During the widespread famine, Joseph’s treacherous brothers come to Egypt seeking grain. He recognizes them although they are unaware of who he is. After leading them through a series of trials, Joseph ultimately forgives and reconciles with them. He brings his whole family to live in Egypt, protected by the aura of his unexpected prosperity.

One of the many suggestions for our prayer today might center on the inevitable dramas within families and communities fueled by favoritism, jealousy, even treachery. But reading Joseph’s story, we must consider these inevitabilities in the long-term light of God’s abiding grace, the power of forgiveness, and God’s will to give us new life even as we stand in our concupiscent ashes.

At times in our own life story, we may act as, or be impacted by, behaviors like those of doting Jacob, the envious brothers, or entitled Joseph. We might find ourselves entangled in a drama to rival this dysfunctional family of Jacob! Our prayer leads us to ask, “How were they ultimately delivered to freedom, restored to love?” 

The controlling, underlying theme of the Joseph narrative is that our hidden God remains with us in all of life’s roller coaster episodes. This God longs to grace us with the redemptive powers of repentance, forgiveness, hope, renewal and generosity. These graces can heal our bruised human story, letting it announce the saving power of God if we but open our hopes, choices, and dreams to it.

Music: Any Dream Will Do – from Joseph and the Amazing, Technicolor Dreamcoat, Andrew Lloyd Weber

Wounded by Mercy

Tuesday of the Fourteenth Week in Ordinary Time

July 9, 2019

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Today, in Mercy, we continue to learn from the amazing saga of Jacob.

This passage tells a story we may have heard: 

Jacob, after years in isolation, is returning to seek reconciliation with his aggrieved brother Esau. Jacob is stressed, penitent, and maybe a good bit nervous about the first encounter.

He tries to get a decent night’s sleep before the highly anticipated meeting. But that was not to be.

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Jacob Wrestling with the Angel by Eugène Delacroix

Jacob wrestles through night with an unnamed stranger. The stranger – perhaps an angel, perhaps God – wounds him, renames him, and ultimately blesses him.

The passage is so worth a reflective read! In that reflection, we may see glimpses of our own relationship with God. God comes to us too, unexpectedly, in both our lights and our darknesses. God wrestles us to look him in the face, in the heart – to turn our attention from all the luring distractions and shallowness that keep us from him.

At best we, like Jacob, might come to a sort of truce with God: we do not fully know God’s Name but we, nevertheless, receive God’s blessing. That blessing changes us, renames us. And, in a visible way, it marks us – just as Jacob was marked by a “limp”. We become vulnerable to the things of God, to God’s hope for the world, to the Mercy of God for all Creation. We become marked by a Love which, though it seems to weaken, is our ultimate and indefatigable strength.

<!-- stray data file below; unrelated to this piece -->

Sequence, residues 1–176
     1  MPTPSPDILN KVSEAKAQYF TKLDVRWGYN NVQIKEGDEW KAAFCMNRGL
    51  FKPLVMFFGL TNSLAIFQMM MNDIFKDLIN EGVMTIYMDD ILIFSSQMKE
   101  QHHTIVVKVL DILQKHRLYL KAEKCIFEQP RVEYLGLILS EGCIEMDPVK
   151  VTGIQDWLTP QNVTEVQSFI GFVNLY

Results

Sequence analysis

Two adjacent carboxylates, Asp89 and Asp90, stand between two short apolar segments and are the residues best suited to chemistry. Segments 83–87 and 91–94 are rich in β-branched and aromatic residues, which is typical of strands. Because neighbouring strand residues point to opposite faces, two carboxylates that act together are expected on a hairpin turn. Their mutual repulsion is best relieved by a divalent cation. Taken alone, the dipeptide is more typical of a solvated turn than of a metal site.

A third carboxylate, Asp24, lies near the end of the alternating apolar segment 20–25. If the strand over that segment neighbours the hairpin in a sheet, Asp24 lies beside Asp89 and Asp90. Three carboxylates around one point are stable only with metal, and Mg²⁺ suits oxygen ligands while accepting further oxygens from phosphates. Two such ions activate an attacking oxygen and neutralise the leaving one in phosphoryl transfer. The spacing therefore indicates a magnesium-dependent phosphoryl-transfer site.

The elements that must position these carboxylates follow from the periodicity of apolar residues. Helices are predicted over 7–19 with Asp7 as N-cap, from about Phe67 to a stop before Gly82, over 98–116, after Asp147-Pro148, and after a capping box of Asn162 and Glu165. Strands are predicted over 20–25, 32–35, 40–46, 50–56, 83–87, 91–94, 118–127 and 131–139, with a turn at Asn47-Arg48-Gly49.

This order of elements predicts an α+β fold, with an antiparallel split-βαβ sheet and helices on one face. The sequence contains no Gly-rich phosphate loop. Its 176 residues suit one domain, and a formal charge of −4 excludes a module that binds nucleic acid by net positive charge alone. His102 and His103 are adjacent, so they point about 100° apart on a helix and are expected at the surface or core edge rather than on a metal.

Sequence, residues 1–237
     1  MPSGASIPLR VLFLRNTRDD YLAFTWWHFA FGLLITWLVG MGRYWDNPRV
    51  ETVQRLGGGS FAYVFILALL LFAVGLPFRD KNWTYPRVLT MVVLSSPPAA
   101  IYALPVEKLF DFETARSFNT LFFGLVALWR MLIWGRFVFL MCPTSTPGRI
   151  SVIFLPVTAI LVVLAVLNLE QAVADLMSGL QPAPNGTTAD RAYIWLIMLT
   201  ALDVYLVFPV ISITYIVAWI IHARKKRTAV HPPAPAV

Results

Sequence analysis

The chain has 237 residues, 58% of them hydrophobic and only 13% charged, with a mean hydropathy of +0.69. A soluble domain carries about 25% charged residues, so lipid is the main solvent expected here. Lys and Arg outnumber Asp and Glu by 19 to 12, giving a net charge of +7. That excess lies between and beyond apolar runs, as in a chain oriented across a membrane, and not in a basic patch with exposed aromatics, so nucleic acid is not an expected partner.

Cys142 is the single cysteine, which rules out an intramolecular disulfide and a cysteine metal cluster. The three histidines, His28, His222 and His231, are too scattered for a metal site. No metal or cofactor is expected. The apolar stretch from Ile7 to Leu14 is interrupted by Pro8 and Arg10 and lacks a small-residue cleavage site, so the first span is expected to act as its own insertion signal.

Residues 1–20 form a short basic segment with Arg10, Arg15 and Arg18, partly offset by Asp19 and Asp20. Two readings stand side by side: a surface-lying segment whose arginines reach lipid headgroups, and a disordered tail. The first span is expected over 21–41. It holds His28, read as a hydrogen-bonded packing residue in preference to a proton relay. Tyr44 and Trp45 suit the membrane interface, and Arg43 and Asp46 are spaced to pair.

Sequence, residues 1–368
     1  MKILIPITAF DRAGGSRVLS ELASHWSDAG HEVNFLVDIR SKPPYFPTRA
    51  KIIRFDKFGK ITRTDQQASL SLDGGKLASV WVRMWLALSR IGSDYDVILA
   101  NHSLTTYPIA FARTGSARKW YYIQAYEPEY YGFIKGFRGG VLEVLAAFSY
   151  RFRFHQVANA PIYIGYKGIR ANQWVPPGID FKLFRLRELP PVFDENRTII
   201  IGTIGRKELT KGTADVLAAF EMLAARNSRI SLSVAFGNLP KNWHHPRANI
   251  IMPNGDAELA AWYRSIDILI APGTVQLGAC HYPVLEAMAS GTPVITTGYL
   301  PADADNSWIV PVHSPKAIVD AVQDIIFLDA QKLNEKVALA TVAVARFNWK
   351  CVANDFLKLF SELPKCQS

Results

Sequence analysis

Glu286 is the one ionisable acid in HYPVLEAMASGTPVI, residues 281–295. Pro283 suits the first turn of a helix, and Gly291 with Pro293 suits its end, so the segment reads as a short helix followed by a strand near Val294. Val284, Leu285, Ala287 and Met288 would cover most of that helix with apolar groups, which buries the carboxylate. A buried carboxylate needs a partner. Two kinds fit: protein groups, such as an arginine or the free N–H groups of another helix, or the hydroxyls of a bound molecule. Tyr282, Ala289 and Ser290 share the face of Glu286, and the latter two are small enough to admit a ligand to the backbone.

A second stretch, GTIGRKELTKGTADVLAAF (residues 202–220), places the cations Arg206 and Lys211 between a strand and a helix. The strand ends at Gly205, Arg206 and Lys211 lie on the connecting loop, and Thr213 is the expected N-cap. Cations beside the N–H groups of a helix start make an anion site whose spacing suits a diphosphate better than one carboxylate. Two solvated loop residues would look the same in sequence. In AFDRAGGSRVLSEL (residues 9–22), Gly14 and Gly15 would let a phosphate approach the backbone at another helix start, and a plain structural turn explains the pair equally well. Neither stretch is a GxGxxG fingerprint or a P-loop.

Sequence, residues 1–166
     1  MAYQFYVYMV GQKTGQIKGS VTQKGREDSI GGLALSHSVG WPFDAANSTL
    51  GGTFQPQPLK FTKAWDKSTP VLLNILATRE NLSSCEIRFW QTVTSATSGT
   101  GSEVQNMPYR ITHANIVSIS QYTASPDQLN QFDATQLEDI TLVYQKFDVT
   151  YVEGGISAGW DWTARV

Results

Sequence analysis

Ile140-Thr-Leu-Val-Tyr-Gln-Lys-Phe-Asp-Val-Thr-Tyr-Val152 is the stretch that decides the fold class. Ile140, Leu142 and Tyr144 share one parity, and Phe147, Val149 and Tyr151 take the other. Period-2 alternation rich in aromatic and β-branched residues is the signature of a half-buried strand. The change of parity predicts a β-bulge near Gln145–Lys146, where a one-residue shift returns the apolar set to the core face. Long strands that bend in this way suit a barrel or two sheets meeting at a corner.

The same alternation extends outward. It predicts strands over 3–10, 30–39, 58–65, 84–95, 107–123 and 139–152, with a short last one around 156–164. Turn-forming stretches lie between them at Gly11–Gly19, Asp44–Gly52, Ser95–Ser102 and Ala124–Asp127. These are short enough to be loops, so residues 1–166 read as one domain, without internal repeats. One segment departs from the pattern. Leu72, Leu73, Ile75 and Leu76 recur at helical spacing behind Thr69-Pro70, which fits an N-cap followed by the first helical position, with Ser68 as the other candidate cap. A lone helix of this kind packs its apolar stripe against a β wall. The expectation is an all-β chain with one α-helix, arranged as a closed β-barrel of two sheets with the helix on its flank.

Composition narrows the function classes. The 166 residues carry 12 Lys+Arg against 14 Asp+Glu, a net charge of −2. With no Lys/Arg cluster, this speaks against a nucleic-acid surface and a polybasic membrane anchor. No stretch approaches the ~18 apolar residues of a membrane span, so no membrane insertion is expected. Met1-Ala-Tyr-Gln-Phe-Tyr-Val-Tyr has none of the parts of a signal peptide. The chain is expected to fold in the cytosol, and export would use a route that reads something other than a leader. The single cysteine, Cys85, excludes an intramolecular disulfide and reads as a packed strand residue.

Today’s final thought: Will we let ourselves be changed by the grace offered us in life’s struggles? Will we let ourselves be renamed and marked as God’s own?

Frederick Buechner, in his sermon The Magnificent Defeat talks about such surrender:

Power, success, happiness, as the world knows them, are his who will fight for them hard enough; but peace, love, joy, are only from God. And God is the enemy whom Jacob fought there by the river, of course, and whom in one way or another we all of us fight-God, the beloved enemy. Our enemy because, before giving us everything, he demands of us everything; before giving us life, he demands our lives – our selves, our wills, our treasure.

Will we give them, you and I? I do not know. Only remember the last glimpse that we have of Jacob, limping home against the great conflagration of the dawn. Remember Jesus of Nazareth, staggering on broken feet out of the tomb toward the Resurrection, bearing on his body the proud insignia of the defeat which is victory, the magnificent defeat of the human soul at the hands of God.

Music: Jacob Wrestles with the Angel – Leo Kraft

Believe

Feast of Saint Thomas, Apostle

Wednesday, July 3, 2019

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Today, in Mercy, our readings lead us to pray for faith.

John20_27 Thomas

Faith is not a commodity or an achievement.
Faith is a relationship and a journey.

It is a gift and an exercise of grace.
Never stretched, it withers like an broken ligament.

It ebbs and tides with our personal and communal dramas.
It deepens with prayer, silent reaching, and a listening obedience to our lives.
It shallows with our demands, like Thomas, only to see and to touch.

It is fed by the Lavish Mercy of God Who never cuts its flow to our souls
if we but take down the seawall around our heart.

On this day when we celebrate the power of tested and proven faith,
may we bring our needs into the circle gathered in that Upper Room.

Standing beside Thomas today in our prayer,
may we place our trust in the glorified wounds of Christ.

A video today for your prayer: Blessed Are They That Have Not Seen

After the Tumult

Tuesday of the Thirteenth Week in Ordinary Time

July 2, 2019

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Today, in Mercy, we stand with Abraham as he reflects over the demolished plains surrounding Sodom and Gomorrah. He has been through a traumatic upheaval with God. Now he lets the reality of its teaching sink into his soul.